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Inicio Revista de Psiquiatría y Salud Mental (English Edition) Asistole after electroconvusise therapy
Journal Information
Vol. 10. Issue 1.
Pages 61-62 (January - March 2017)
Vol. 10. Issue 1.
Pages 61-62 (January - March 2017)
Letter to the Editor
DOI: 10.1016/j.rpsmen.2016.03.001
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Asistole after electroconvusise therapy
Asistolia tras terapia electroconvulsiva
Pilar Romeroa,
Corresponding author
, Sorkunde Telletxea Sa, Estela Saezb, Miguel Ángel Arzuagaa
a Servicio de Anestesia y Reanimación, Hospital Galdakao, Usansolo, Bizkaia, Spain
b Servicio de Psiquiatría, Hospital Galdakao, Usansolo, Bizkaia, Spain
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To the Editor,

Electroconvulsive therapy (ECT), is still, even today, one of the main treatments used in psychiatry for profound depression.1 We present the case of a 66-year-old woman, diagnosed with severe depressive syndrome, with psychotic symptoms, who had been treated with ECT since 2004, with good response and no hemodynamic alterations during the treatment, without other relevant history. The therapy consisted of provoking a slight convulsion, in this case a right unilateral convulsion with brief pulses of 900mA to 70Hz in 1ms, under sedation using atropine 0.5mg, propofol 90–100mg and succinylcholine 50mg, after placement of dental protection. On the day in which she developed asystole, she arrived for treatment with a heart rate of 120bpm; for that reason, she was not given atropine, but propofol and succinylcholine were administered at the same dosages as in previous treatments. After administering the standard discharge, asystole lasting 5s was seen, with spontaneous recuperation of rhythm (Figs. 1 and 2).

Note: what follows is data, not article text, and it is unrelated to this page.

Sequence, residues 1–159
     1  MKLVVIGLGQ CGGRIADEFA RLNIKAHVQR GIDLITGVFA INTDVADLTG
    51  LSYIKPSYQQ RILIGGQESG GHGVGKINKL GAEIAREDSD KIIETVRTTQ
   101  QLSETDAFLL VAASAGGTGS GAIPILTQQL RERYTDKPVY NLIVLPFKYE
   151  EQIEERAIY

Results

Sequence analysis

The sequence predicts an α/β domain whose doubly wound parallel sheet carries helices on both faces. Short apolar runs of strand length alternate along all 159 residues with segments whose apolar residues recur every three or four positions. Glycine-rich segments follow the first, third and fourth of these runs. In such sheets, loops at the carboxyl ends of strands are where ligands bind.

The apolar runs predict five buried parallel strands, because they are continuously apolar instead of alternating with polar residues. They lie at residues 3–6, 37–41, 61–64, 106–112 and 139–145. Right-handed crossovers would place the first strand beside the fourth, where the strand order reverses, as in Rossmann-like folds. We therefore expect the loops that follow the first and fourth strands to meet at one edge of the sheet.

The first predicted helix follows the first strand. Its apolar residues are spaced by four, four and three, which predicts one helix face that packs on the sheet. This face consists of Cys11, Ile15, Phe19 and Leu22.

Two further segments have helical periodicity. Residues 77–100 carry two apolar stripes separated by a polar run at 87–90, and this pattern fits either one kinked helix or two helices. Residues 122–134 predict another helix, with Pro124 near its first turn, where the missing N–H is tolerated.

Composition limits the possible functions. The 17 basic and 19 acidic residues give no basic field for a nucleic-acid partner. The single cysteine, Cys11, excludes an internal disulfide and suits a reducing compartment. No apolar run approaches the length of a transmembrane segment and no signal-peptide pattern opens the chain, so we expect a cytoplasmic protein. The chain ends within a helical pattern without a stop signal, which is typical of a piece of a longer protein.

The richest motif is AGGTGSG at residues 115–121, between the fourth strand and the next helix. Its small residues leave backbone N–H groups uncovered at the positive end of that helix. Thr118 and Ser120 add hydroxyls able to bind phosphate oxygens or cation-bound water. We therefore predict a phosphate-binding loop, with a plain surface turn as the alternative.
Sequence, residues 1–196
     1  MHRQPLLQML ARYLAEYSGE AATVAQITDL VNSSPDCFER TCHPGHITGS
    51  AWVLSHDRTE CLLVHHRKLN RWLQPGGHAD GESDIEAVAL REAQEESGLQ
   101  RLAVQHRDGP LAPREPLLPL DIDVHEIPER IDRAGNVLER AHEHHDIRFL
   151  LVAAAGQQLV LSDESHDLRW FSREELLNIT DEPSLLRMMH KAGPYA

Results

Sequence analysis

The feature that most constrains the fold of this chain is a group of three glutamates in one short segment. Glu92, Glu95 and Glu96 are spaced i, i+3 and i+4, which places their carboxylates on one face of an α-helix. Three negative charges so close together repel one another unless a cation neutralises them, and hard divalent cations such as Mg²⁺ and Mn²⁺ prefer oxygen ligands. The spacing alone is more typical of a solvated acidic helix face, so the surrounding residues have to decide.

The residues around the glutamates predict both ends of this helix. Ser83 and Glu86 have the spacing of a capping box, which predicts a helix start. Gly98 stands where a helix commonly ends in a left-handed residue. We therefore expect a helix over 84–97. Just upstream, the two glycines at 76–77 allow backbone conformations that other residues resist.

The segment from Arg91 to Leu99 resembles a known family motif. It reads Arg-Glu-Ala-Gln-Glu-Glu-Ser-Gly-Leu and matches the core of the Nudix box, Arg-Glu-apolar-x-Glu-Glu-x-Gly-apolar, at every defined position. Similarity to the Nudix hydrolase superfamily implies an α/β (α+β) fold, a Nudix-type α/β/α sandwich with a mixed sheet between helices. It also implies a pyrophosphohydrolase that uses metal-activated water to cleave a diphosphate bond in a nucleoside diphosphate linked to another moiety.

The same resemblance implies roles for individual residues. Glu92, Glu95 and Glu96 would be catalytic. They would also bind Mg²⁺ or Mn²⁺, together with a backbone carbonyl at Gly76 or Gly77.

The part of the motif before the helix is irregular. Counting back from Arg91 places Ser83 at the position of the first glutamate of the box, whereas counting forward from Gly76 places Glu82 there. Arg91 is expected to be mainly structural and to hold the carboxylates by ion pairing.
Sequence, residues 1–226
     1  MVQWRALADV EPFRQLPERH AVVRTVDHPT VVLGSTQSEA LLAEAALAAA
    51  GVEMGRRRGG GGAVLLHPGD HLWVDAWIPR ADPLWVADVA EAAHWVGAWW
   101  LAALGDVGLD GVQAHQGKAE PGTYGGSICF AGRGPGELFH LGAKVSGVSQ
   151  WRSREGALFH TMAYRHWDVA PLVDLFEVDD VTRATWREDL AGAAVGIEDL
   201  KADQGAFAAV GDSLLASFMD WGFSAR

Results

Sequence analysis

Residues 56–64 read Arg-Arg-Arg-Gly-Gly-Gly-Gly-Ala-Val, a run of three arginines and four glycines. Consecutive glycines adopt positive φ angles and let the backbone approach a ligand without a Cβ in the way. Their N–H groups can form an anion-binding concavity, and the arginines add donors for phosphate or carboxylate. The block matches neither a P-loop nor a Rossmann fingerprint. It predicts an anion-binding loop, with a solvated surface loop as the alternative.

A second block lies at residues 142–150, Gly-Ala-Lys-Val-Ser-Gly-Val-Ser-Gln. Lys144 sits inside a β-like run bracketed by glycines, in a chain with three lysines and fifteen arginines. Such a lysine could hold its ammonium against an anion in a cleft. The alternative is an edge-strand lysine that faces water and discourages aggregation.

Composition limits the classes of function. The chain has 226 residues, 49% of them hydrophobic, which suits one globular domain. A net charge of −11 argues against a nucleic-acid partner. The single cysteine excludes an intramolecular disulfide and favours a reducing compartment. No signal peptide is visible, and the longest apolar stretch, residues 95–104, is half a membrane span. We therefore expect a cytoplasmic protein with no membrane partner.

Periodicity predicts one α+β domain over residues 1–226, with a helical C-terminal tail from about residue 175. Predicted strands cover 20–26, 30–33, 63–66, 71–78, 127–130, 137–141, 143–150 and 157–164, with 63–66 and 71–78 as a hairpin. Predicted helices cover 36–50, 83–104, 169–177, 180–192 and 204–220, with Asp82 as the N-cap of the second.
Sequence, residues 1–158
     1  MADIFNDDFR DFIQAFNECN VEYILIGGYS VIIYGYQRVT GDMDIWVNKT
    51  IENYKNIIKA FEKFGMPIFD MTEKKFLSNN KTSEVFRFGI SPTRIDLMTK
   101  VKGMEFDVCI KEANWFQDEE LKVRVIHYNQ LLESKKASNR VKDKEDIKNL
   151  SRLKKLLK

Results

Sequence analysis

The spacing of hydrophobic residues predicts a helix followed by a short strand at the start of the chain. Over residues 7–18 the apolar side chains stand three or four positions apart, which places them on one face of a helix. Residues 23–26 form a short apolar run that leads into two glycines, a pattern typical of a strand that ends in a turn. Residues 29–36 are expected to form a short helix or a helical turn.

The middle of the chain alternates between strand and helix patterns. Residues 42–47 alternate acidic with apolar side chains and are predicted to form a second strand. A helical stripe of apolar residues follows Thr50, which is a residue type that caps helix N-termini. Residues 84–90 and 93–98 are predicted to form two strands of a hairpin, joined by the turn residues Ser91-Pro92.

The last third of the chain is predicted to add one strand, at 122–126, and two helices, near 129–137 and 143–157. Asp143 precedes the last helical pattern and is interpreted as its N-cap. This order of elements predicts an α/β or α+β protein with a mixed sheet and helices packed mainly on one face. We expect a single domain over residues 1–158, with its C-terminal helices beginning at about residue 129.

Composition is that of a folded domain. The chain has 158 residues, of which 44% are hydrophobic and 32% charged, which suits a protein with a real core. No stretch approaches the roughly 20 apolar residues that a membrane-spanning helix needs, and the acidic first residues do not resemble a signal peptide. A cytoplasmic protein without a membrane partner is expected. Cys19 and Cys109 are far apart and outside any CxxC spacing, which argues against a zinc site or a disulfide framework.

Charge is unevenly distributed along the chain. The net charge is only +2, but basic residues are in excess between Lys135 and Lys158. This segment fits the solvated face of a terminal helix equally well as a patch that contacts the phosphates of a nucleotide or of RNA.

Figure 1.

ECT discharge.

Figure 2.



Post-ECT mortality is low, representing 0.002%, although this varies according to the series from 1:10,000 to 1:50,000. The main complications are cardiological, principally arrhythmias.2 Post-ECT asystole, recognized as a heart rate <12bpm for at least 5s, is a complication that is seldom seen, but it can be fatal.3 The mechanism of production is believed to be the result of a parasympathetic discharge, through a central stimulus that acts on the muscarinic receptors of the sinoatrial node via the vagus nerve after applying the stimulus to the patient.2 Cardiovascular response during ECT has 2 phases: the first takes place when the discharge is administered, and consists of lowering the heart rate through vagal stimulation. This bradycardia lasts only a brief time and usually resolves spontaneously in the majority of the cases. During the second phase, after the convulsion, a severe sympathetic discharge is produced, which is what is responsible for the tachycardia and postictal arterial hypertension.